Hometown Hero Done In By Triple Bogey At Second Hole, Falls 3 Shots Short Of Langer July 31, 2010 By Dave Shedloski

Hometown favorite lost his grip on the U.S. Senior Open title when he triple-bogeyed the par-5 second hole on Sunday. (John Mummert/USGA) 

Sammamish, Wash. – He did everything he needed to do to win this week’s U.S. Senior Open at Sahalee Country Club.

He never shot higher than par-70, and he tied for the lowest single round of the championship with his third-round 5-under 65. He led the field in birdies with 17. He ranked second in putting, 11th in driving accuracy, 13th in greens in regulation. He never suffered a three-putt.

Certainly, that seems like the statistical summary of a winner. Except that Fred Couples didn’t win.

No, that honor went to Bernhard Langer, who obviously played some impressive golf to keep hometown favorite Couples from the winner’s circle. The German did it with a flawless closing 67 for an 8-under-par 272 total and a three-shot victory, his second major title in as many weeks after he captured the Senior British Open in Scotland.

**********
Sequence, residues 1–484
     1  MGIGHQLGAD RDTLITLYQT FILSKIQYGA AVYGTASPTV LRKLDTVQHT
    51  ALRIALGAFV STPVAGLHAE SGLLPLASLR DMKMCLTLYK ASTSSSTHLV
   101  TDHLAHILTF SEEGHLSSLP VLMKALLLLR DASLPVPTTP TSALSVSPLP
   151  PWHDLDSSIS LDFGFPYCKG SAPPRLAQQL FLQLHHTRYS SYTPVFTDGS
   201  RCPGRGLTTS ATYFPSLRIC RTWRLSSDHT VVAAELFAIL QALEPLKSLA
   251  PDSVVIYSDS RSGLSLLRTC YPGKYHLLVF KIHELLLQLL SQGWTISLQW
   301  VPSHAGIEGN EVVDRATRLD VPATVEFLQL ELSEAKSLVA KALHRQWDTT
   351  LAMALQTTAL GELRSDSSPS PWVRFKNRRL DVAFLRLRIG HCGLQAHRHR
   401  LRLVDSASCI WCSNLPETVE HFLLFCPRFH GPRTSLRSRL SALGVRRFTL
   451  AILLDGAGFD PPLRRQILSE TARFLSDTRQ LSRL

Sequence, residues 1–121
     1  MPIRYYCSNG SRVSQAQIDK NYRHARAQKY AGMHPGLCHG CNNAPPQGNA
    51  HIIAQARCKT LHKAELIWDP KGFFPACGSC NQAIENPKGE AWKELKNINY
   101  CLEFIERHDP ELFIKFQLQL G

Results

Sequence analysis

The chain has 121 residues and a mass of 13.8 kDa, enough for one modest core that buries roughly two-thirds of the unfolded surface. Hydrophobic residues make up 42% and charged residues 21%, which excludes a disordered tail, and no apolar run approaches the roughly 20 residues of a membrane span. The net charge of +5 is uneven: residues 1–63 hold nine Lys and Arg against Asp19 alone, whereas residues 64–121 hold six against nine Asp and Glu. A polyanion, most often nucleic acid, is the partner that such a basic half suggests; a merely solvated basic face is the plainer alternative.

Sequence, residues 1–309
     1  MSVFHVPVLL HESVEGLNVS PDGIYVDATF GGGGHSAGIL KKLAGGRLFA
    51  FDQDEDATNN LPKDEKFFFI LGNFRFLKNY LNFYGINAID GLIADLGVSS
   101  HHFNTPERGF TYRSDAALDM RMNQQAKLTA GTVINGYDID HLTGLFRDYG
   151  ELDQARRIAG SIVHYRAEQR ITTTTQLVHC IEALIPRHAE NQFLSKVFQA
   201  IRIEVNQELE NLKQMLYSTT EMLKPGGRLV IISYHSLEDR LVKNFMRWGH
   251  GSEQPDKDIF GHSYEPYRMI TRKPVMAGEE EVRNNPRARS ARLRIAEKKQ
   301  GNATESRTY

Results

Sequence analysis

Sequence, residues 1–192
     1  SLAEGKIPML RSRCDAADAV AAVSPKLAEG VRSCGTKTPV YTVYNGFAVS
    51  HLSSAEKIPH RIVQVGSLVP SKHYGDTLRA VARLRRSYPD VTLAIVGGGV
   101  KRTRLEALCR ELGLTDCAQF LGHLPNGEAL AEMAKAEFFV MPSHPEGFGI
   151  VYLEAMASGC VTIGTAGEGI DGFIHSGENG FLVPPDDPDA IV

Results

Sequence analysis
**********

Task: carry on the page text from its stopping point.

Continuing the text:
But Couples, 50, who grew up in the Seattle neighborhood of Beacon Hill, had no reason to hang his head. A shocking triple bogey 8 on the par-5 second hole all but scuttled his chances for victory, but the 1992 Masters champion showed real grit and kept the raucous hometown crowd hopeful until the finish by clawing back within two shots before he ran out of holes.

I know I played really, really well this week. Bernhard just played unbelievably, said Couples, who kept his cool and composure throughout the championship amid the pressures of playing at home and the accompanying myriad distractions, including his role as the honorary chairman.

A Champions Tour rookie who won three straight starts earlier this year, Couples appeared headed for a golden afternoon when he birdied the par-4 opening hole to move to six under par, immediately breaking the 54-hole tie with Langer.

But his bid unraveled in a matter of minutes. He smartly opted to lay up on the 508-yard second hole after his drive leaked right into the intermediate rough. His third, with a 60-degree sand wedge from 73 yards, was fat, short and wet, plopping into the pond that guards the front-right portion of the putting surface.

The air all but disappeared from Sahalee, except for the collective groans from a gallery that stood 10-deep. I don’t believe what I just saw, one distraught fan muttered.